But amazingly in Mathew 10:16, Jesus did not say, "I'm going to keep you from the wolves." He did not say, "I am going to keep the wolves away from you." No. He said, "I actually am sending you into the wolves' territory. I am sending you into the enemies' territories. I am commissioning you to go to the wolves." Again, He did not say, "The wolves' religion is really a peaceful religion. You just misunderstand them." Or "I am going to de-fang the wolves so you can love them." Or "I am going to educate and sophisticate and misrepresent the wolves so you can accept them." Jesus is saying that you will be hated by Jesus haters for His sake.

We are seeing it every day in this blessed land that I longed to come to as a boy to breathe the air of freedom. I escaped Islamic ideology in the Middle East, and now I'm facing it here in America. I never thought I would see the day.

Acts 20:28-31 tells us: "Keep watch over yourselves and all the flock of which the Holy Spirit has made you overseers. Be shepherds of the church of God, which he bought with his own blood. I know that after I leave, savage wolves will come in among you and will not spare the flock. Even from your own number men will arise and distort the truth in order to draw away disciples after them. So be on your guard!"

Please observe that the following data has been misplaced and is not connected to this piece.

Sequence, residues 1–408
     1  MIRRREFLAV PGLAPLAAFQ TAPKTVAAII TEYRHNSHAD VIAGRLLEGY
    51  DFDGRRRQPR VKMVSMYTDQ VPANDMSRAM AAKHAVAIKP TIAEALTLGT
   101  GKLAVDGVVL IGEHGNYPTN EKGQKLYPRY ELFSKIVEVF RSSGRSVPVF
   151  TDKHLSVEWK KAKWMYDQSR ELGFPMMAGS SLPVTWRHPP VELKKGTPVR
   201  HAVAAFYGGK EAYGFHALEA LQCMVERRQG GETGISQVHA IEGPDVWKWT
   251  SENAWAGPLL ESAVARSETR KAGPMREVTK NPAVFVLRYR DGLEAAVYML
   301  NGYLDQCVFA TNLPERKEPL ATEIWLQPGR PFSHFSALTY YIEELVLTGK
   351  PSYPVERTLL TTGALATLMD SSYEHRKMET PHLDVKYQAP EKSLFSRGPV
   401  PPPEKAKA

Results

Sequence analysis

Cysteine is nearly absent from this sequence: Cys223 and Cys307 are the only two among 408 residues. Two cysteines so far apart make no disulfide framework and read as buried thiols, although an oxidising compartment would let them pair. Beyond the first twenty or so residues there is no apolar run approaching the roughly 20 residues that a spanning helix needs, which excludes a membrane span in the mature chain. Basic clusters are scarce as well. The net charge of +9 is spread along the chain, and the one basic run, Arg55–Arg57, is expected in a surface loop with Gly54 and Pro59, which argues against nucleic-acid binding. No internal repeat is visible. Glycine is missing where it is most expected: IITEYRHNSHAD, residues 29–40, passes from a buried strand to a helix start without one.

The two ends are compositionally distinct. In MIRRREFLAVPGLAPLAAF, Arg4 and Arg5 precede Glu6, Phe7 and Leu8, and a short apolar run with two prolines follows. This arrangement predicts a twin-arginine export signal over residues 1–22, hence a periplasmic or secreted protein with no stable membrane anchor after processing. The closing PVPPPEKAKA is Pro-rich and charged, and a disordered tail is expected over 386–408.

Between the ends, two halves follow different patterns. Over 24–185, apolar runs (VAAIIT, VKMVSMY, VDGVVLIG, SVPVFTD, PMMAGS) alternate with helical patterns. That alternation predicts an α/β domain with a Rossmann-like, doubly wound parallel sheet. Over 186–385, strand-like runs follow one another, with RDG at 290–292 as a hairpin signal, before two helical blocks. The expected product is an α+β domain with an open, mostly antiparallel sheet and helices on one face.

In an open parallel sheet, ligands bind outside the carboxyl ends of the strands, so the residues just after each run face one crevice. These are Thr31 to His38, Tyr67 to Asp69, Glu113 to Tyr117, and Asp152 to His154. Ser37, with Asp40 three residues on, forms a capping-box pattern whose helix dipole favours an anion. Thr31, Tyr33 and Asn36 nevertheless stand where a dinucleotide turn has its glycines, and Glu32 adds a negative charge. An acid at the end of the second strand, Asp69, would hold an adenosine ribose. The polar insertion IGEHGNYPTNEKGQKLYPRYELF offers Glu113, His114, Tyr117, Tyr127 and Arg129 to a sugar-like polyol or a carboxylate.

The wolves will try to deceive you. The enemy will try to trick you. They will try to put on sheep's clothing. They will try to lull you to sleep. But the irony in all this is that the Good Shepherd is sending His sheep into wolves' territory. The perfect Good Shepherd is sending them into hostile territory.

What a contrast to what Jesus is saying in those few words to the preaching of today. Pastors today are preaching ease and comfort and no cost of discipleship. They're preaching about going to heaven on the cheap, and it's not going to happen that way. They teach that we can have salvation without repentance and sanctification without surrender. They are preaching about a Jesus who gives them everything but demands nothing.

My friend, that is a false gospel – one every believer should refuse to accept and identify with. Because if you don't, someday the wolves will come for you and you will not be able to defend yourself with the Truth.